In his bonus interview, Welser-Most makes a case for linking this particular symphony to the music of Wagner, and particular Wagner's Tristan and Isolde. The link is through the tonality of E major, the themes associated with German Romanticism, the mutual admiration the two composers had for each other, the prominant use of Wagner tubas in this work and Wagner's death during the composition of this symphony. Welser-Most sees the Adagio and its climatic conclusion as the key moment when all of these influences come together.
I have grown to like this interpretation very much indeed over several viewings and in the context of knowing both the Abbado and Wand performances. Inevitably, given Welser-Most's views about the work as summarised above, a key moment in evaluating the emotional intensity of this issue comes at the climax of the very long slow movement which builds to an enormous peak. The effect on the conductor at this point is clear as he is clearly deeply moved. It is certainly very effective for the viewer too.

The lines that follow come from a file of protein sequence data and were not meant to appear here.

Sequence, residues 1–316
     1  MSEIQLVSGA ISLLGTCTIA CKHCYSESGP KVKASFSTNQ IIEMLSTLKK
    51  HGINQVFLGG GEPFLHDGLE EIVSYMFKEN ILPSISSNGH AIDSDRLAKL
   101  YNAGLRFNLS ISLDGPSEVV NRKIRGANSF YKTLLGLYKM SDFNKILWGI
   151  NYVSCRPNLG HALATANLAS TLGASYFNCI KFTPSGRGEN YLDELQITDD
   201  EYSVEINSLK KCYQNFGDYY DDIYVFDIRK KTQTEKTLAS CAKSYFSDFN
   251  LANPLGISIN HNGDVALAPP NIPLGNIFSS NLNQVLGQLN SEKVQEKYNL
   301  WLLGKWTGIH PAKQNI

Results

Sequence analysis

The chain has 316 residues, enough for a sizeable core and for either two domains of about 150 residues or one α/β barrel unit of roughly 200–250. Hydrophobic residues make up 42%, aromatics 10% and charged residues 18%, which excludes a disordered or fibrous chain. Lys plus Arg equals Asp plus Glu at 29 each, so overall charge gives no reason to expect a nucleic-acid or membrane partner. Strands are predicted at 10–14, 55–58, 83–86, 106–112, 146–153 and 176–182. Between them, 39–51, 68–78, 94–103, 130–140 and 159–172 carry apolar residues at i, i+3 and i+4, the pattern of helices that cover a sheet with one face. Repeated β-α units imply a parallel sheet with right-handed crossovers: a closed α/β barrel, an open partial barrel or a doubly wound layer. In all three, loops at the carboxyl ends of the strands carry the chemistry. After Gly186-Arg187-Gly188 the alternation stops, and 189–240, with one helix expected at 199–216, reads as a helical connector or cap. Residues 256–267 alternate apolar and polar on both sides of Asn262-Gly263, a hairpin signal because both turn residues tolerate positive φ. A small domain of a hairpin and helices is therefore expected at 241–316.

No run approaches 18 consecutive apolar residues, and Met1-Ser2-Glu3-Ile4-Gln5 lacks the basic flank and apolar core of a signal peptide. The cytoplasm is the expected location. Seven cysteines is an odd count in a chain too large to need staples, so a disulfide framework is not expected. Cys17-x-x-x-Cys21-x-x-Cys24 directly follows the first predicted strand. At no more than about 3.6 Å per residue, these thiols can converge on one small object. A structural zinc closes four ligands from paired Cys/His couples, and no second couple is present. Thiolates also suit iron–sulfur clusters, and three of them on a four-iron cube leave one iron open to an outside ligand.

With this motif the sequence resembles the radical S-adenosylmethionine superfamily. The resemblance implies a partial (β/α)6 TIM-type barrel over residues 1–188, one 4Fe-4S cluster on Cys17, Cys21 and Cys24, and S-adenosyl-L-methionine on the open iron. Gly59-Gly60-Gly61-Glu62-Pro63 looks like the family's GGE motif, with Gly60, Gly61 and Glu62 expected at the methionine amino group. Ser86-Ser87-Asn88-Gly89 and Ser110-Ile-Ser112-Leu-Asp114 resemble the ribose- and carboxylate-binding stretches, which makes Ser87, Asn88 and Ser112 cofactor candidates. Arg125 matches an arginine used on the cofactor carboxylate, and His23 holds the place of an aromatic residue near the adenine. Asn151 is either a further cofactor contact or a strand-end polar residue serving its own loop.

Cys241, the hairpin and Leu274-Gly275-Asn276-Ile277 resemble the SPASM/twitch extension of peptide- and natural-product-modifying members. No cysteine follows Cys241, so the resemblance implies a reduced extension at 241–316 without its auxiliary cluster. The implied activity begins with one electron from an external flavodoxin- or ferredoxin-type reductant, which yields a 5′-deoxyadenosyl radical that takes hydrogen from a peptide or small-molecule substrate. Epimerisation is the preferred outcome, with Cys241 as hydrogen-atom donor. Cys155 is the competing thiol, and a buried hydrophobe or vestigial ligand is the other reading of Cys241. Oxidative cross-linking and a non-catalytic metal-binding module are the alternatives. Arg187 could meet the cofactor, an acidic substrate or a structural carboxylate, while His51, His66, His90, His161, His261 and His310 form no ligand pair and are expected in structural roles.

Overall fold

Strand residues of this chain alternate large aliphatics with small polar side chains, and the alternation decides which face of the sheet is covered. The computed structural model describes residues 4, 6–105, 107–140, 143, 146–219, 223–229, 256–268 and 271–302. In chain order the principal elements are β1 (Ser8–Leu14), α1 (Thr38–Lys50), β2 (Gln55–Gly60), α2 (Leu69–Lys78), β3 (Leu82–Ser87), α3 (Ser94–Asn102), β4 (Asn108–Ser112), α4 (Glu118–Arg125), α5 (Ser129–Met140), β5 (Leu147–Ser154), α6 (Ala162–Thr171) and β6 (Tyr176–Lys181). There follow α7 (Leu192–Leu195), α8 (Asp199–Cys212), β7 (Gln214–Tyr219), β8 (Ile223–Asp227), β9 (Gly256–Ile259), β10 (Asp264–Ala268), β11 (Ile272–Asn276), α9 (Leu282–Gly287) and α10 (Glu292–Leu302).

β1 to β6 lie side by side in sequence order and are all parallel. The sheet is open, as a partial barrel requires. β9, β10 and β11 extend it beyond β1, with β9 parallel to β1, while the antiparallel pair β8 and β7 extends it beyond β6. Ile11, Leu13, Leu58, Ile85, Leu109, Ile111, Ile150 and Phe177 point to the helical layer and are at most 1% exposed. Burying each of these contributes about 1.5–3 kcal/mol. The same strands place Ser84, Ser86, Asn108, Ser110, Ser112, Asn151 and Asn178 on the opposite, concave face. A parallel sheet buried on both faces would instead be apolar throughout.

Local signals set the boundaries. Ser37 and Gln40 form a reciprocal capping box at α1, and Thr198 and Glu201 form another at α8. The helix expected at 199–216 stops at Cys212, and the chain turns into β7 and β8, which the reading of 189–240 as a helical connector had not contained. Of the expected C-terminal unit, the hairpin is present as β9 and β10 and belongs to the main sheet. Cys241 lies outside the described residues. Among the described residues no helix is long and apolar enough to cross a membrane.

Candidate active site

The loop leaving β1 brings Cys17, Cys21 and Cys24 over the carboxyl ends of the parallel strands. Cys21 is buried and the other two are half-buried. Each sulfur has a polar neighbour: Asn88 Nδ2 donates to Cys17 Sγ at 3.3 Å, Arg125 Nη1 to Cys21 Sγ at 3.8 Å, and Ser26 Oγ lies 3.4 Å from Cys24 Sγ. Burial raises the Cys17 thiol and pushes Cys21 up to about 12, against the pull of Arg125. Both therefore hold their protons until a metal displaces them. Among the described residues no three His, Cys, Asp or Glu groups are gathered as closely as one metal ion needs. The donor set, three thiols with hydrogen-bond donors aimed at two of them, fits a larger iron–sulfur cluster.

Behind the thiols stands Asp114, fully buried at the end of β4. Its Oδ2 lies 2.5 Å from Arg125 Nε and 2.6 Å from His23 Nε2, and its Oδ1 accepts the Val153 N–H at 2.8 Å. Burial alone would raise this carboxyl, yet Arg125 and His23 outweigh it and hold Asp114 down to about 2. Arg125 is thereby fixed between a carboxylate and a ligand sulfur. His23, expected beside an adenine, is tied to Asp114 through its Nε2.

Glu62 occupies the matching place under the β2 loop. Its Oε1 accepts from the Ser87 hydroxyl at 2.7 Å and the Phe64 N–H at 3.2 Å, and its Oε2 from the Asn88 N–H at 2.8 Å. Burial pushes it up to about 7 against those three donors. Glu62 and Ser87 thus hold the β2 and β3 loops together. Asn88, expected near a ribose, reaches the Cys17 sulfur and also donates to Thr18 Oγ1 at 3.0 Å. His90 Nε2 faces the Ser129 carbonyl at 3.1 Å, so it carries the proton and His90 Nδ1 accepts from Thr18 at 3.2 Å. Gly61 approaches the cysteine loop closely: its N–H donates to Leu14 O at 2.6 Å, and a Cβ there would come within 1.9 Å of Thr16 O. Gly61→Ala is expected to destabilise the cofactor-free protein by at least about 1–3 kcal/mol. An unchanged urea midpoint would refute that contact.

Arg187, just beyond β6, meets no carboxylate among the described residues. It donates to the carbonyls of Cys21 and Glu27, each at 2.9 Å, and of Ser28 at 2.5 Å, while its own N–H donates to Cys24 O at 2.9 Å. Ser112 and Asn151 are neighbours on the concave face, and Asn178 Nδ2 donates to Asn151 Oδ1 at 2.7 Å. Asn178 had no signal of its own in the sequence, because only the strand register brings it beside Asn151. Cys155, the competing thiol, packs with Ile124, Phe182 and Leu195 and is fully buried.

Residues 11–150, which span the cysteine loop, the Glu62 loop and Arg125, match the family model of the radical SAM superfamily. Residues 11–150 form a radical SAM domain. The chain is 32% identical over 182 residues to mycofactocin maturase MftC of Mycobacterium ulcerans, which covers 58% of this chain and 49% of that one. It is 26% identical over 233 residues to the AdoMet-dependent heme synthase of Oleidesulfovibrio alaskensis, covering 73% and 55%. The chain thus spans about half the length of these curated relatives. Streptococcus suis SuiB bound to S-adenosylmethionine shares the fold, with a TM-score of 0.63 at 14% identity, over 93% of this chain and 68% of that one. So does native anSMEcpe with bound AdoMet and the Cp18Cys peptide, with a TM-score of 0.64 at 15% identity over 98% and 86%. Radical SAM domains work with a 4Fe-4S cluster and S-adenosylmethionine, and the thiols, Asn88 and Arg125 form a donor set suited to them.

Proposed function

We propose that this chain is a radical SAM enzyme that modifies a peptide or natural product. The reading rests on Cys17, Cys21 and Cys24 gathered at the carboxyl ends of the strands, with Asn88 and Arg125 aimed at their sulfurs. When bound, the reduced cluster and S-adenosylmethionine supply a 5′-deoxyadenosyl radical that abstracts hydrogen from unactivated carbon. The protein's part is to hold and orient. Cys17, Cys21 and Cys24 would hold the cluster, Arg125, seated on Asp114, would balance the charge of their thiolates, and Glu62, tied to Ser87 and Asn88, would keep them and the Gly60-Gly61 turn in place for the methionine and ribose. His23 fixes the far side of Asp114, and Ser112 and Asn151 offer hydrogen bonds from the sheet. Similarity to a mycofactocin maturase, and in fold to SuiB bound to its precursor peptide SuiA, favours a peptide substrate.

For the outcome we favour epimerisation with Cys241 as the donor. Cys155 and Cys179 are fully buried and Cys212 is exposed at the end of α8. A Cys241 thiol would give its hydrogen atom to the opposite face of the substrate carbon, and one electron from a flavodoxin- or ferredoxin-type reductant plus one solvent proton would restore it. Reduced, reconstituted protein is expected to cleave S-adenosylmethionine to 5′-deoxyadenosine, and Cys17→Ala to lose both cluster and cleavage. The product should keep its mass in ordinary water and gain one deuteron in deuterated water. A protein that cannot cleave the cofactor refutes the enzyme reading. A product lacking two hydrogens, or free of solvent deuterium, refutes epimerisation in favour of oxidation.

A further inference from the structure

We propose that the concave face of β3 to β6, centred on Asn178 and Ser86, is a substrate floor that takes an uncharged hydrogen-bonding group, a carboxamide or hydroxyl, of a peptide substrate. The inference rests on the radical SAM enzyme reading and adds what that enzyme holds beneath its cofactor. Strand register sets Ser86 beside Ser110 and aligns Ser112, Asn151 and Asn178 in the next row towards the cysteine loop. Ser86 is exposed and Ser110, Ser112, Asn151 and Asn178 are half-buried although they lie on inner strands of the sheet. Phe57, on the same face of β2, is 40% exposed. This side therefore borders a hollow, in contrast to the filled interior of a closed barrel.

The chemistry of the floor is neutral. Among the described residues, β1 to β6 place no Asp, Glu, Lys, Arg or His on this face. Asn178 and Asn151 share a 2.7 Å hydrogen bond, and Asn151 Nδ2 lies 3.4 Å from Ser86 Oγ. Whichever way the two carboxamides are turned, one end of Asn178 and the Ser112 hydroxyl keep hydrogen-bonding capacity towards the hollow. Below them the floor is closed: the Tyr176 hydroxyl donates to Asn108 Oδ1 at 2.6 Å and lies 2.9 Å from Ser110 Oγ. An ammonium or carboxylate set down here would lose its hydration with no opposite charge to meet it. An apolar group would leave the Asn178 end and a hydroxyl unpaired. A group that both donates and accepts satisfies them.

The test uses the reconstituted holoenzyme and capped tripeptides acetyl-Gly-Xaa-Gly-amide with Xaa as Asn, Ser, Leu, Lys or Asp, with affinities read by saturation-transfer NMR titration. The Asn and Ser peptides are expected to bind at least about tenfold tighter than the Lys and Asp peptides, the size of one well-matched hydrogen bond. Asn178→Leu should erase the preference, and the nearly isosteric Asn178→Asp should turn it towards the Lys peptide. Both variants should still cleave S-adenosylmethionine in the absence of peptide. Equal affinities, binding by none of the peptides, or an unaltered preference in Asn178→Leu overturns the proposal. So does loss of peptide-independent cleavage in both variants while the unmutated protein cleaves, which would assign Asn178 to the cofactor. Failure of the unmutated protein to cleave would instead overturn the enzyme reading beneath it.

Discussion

I would view Welser-Most's performance as typically having a very clear long-term view of structure held under tight control but driven by a deeply held conviction. The climaxes are massive but this is balanced by considerable moments of delicacy. The Cleveland orchestra is well able to deliver at this level and the concert is well recorded as sound with sympathetic camera work which is detailed without being invasive. Much the same comments can be made of Welser-Most's interpretations of Bruckner's 5th and 8th symphonies in the same series.
This is not the only way to play Bruckner. A more overtly emotional way can be experienced with Abbado at Lucerne, who also includes a fine performance of Beethoven's 3rd Piano Concerto with Brendel. That is well recorded too. A further alternative is the Gunther Wand performance but, for me, his recording is now too compromised to fully realise Bruckner's sound world which I find is better served by both Abbado and Welser-Most.